American Academy of Arts and Sciences inducts seven from U-M


Seven University of Michigan faculty members have been named to the American Academy of Arts and Sciences for their significant contributions in scholarly and professional fields.

Ruma Banerjee, Liliana Borcea, Aaron Dworkin, Matthew Fletcher, Sergey Fomin, Stephanie Fryberg and Ivette Perfecto are among 269 new members to join the academy’s ranks this year. They are being honored for their excellence and leadership across academia, the arts, industry, public policy and research.

The AAAS conducts research, provides analysis and advice to policymakers, convenes scholars and experts, and promotes the understanding and appreciation of science and the arts. Membership in the academy is considered one of the highest honors in the fields of science and the arts.

“In its earliest days, the academy sought members who would help address issues and opportunities confronting a young nation,” said Nancy Andrews, chair of the academy’s board of directors. “We feel a similar urgency and have elected a class that brings diverse expertise to meet the pressing challenges and possibilities that America and the world face today.”

Banerjee is the Vincent Massey Collegiate Professor of Biological Chemistry and professor of biological chemistry in the Medical School, and is associate editor for Chemical Reviews and the Journal of Biological Chemistry.

She is an expert in the chemical biology of hydrogen sulfide signaling, regulation of mammalian sulfur metabolism in health and disease, and structural enzymology of human B12 trafficking proteins.

Borcea is the Peter Field Collegiate Professor of Mathematics and professor of mathematics in LSA, with research expertise in scientific computing and applied mathematics, particularly in the scattering and transport of electromagnetic waves.

She has made significant contributions to her field and was selected as the AWM-SIAM Sonia Kovalevsky Lecturer for her outstanding scientific contributions.

Dworkin is the former dean and current professor of music at the School of Music, Theatre & Dance. A successful entrepreneur, Dworkin founded the globally recognized Sphinx Organization, which aims to transform lives through the power of diversity in the arts.

He has been named a 2005 MacArthur Fellow, was President Obama’s first appointment to the National Council on the Arts, and is a member of President Biden’s Arts Policy Committee.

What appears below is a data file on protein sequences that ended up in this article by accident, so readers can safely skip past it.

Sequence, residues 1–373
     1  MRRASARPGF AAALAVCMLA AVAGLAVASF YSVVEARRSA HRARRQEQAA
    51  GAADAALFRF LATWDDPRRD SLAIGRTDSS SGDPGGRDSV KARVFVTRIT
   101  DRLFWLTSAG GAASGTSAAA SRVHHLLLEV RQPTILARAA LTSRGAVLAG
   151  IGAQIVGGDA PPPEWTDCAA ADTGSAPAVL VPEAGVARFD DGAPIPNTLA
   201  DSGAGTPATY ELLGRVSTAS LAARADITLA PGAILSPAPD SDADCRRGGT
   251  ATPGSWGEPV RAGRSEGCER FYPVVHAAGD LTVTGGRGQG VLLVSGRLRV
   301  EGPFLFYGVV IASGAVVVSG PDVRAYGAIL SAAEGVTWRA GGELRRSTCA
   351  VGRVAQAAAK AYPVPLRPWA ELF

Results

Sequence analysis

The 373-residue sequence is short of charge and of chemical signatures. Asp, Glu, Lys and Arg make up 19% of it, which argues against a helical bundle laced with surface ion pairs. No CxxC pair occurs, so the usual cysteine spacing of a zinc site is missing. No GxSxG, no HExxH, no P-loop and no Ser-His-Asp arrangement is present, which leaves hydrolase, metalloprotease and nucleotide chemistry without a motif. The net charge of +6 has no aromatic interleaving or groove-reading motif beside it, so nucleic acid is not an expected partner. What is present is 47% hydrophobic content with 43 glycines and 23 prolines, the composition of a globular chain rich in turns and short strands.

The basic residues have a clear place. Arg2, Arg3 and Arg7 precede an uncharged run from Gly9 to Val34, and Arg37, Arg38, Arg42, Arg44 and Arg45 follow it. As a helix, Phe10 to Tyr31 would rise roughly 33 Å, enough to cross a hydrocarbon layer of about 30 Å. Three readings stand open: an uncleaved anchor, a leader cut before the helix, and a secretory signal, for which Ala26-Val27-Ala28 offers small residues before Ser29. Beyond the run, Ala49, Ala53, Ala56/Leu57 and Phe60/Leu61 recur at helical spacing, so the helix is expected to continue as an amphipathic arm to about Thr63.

Fletcher is the Harry Burns Hutchins Collegiate Professor of Law and professor of law in the Law School, and professor of American culture in LSA. He is an appellate judge for several Indian tribes, including the Cabazon Band of Mission Indians, the Colorado River Indian Tribes and the Rincon Band of Luiseño Indians.

Fletcher’s expertise includes federal Indian law, American Indian tribal law, Anishinaabe legal and political philosophy, constitutional law, federal courts and legal ethics.

Fomin, the Robert M. Thrall Collegiate Professor of Mathematics and professor of mathematics in LSA, is a prominent mathematician whose research has made significant contributions in combinatorics, algebra, geometry and representation theory.

He is an expert in cluster algebras, discovered Y-systems and generalized associahedra, and worked on total positivity, the Laurent phenomenon and its applications to Somos sequences.

Fryberg is a University Diversity and Social Transformation Professor and professor of psychology in LSA, and founding director of the Research for Indigenous Social Action and Equity Center. Her expertise centers on how social representations of race, culture and social class impact the development of self, psychological well-being, physical health and educational attainment.

Fryberg has provided expert testimony to the U.S. Senate Committee on Indian Affairs regarding the negative impact of racist stereotypes on Indigenous people. She also has served as an expert witness in the Keepseagle v. USDA class action lawsuit and consults with National Tribal Temporary Assistance for Needy Families.

Perfecto is the James E. Crowfoot Collegiate Professor of Environmental Justice and professor of environment and sustainability in the School for Environment and Sustainability, and professor of environment in the Program in the Environment.

She specializes in biodiversity and arthropod-mediated ecosystem services in rural and urban agriculture, and her expertise includes the spatial ecology of the coffee agroecosystem, small-scale sustainable agriculture, biodiversity and food sovereignty.


Leave a comment

Commenting is closed for this article. Please read our comment guidelines for more information.